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Amazon, Walmart Face Tough Rules as India Aids Small Traders

India tightened rules for foreign investment in e-commerce companies to check predatory pricing and deep discounts that threatened the domestic retail industry.

E-commerce companies like Inc and Walmart Inc.’s Flipkart, which act as a facilitator between the buyer and seller by providing an online market place, must treat all vendors equally by providing the same terms, the trade ministry said in a circular Wednesday. Cash back provided to buyers shall be fair and the company will not influence the price of goods or services. The new rules will be effective Feb. 1.

The move against online retail will help Prime Minister Narendra Modi’s Bharatiya Janata Party win support of local traders—a key voting bloc for the party that suffered defeats in provincial elections this month. The south Asian nation is key to global retailers as it has a billion plus population but only a few million of them own smartphones, offering them the opportunity of exponential growth in online consumption.

The government barred e-commerce companies from forcing a seller to feature products exclusively on their platforms. A certificate confirming the compliance of all rules and an auditor’s note will have to be submitted to the Reserve Bank of India by Sept. 30 every year for the preceding financial year.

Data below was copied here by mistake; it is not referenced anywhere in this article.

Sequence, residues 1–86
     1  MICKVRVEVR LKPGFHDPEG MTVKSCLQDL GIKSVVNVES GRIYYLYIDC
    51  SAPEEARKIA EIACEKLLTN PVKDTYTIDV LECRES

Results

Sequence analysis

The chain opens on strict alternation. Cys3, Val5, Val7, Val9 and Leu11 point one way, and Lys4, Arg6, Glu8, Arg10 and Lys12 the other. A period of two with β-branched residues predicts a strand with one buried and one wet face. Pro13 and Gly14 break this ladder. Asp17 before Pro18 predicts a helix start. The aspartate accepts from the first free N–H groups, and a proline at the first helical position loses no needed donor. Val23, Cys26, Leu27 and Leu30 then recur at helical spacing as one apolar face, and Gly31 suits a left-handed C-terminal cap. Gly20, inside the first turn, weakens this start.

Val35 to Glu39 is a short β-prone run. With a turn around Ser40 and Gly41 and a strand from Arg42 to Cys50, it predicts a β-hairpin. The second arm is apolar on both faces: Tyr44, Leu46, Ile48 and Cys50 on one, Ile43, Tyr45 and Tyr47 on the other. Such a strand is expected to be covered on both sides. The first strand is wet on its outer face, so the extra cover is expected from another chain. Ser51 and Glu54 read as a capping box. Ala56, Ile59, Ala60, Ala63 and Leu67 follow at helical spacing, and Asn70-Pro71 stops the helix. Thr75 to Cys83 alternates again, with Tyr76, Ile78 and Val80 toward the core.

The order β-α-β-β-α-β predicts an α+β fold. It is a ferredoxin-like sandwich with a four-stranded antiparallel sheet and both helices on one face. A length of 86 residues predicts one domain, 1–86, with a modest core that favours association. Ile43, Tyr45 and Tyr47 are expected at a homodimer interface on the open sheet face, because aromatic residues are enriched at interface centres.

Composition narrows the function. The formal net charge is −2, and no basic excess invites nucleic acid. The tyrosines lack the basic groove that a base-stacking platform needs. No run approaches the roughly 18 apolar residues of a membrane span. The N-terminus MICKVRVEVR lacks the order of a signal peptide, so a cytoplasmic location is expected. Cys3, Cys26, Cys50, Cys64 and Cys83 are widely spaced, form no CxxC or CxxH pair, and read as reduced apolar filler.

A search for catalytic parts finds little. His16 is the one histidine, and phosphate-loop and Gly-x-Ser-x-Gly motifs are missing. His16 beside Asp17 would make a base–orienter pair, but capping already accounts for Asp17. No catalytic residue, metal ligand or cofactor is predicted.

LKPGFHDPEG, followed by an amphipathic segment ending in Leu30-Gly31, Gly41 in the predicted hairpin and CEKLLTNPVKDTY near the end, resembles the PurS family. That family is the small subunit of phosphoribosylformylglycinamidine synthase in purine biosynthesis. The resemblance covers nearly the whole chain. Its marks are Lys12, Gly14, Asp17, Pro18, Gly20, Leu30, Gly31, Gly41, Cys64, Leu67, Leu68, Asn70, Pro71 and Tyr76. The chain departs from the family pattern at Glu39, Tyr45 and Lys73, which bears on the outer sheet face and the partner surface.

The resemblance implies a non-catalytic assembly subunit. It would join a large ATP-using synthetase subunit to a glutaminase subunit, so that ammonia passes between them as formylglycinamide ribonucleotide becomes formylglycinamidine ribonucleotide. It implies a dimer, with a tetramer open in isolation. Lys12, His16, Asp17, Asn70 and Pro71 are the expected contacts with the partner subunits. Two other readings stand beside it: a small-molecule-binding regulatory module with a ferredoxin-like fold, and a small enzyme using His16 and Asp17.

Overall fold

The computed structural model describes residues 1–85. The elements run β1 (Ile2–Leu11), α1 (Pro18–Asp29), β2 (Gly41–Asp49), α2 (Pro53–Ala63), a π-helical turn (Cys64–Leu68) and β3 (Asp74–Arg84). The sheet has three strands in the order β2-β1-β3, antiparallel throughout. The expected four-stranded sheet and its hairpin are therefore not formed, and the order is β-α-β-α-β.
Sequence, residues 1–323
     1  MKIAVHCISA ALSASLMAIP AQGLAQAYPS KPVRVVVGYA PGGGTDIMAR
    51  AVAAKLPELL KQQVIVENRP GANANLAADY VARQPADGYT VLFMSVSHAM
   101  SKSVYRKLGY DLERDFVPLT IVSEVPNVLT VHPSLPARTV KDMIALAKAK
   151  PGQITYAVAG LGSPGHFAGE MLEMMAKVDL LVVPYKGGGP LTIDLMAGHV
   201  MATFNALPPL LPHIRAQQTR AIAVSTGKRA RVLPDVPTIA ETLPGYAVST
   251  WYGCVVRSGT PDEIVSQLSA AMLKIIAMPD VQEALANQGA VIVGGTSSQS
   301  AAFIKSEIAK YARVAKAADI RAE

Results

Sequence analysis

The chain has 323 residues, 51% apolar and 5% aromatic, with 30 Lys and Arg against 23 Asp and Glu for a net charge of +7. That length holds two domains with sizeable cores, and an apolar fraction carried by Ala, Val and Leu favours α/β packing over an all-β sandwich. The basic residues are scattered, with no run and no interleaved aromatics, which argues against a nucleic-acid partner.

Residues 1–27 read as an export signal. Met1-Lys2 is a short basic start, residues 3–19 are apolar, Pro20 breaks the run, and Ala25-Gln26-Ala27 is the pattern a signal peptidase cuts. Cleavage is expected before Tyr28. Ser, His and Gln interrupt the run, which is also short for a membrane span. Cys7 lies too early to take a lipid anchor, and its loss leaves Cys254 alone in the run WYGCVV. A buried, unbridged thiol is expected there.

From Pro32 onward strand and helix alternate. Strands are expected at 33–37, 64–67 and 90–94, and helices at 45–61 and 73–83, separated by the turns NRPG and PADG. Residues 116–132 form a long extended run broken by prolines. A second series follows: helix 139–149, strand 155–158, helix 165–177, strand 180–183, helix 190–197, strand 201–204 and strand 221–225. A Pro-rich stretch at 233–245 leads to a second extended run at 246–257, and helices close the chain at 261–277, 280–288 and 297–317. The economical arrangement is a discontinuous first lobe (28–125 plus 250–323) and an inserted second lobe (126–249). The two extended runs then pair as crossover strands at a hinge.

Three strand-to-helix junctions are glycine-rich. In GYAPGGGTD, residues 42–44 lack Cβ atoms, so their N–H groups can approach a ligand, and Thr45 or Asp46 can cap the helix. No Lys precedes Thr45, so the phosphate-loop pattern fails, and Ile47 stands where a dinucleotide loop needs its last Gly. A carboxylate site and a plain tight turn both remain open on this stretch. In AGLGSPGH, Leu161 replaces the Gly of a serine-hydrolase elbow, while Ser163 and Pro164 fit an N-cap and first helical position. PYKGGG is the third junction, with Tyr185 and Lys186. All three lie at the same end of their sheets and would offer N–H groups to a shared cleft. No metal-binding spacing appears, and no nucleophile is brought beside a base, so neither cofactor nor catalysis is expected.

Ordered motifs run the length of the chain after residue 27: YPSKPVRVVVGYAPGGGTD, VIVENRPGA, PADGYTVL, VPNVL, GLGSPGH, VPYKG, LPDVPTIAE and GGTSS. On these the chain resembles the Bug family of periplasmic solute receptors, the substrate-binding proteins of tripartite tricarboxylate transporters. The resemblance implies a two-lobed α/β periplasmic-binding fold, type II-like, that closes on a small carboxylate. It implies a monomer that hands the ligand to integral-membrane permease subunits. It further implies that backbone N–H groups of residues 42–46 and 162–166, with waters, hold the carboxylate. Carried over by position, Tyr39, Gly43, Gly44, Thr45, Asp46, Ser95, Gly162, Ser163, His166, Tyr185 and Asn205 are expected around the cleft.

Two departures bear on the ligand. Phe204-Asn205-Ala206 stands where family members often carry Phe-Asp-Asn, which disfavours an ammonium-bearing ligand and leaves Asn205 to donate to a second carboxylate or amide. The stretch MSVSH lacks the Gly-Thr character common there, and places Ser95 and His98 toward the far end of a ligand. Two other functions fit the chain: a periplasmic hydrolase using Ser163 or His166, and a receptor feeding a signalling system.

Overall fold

“It’s a big achievement after a long struggle,” Praveen Khandelwal, secretary general of Confederation of All India Traders, said in a statement. “If it is implemented in proper spirit, malpractices and predatory pricing policy and deep discounting of e-commerce players will be a matter of past.”

Amazon and Flipkart will make presentations before India’s finance and commerce ministries to contest the new rules, local news channel BTVI said in a Twitter post, citing unidentified people.

Amazon is evaluating the rules, a spokesperson for Amazon India said in an email. Flipkart didn’t immediately respond to a message seeking comments.

Some of the key highlights of the policy are:

E-commerce entity providing a marketplace will not exercise ownership or control over the inventory Inventory of a vendor will be deemed to be controlled by e-commerce marketplace entity if more than 25 percent of purchases of such vendor are from the marketplace entity An entity having equity participation by e-commerce marketplace or its group companies will not be permitted to sell its products on the platform run by such marketplace entity.

Reporting by by Nupur Acharya and Shruti Srivastava.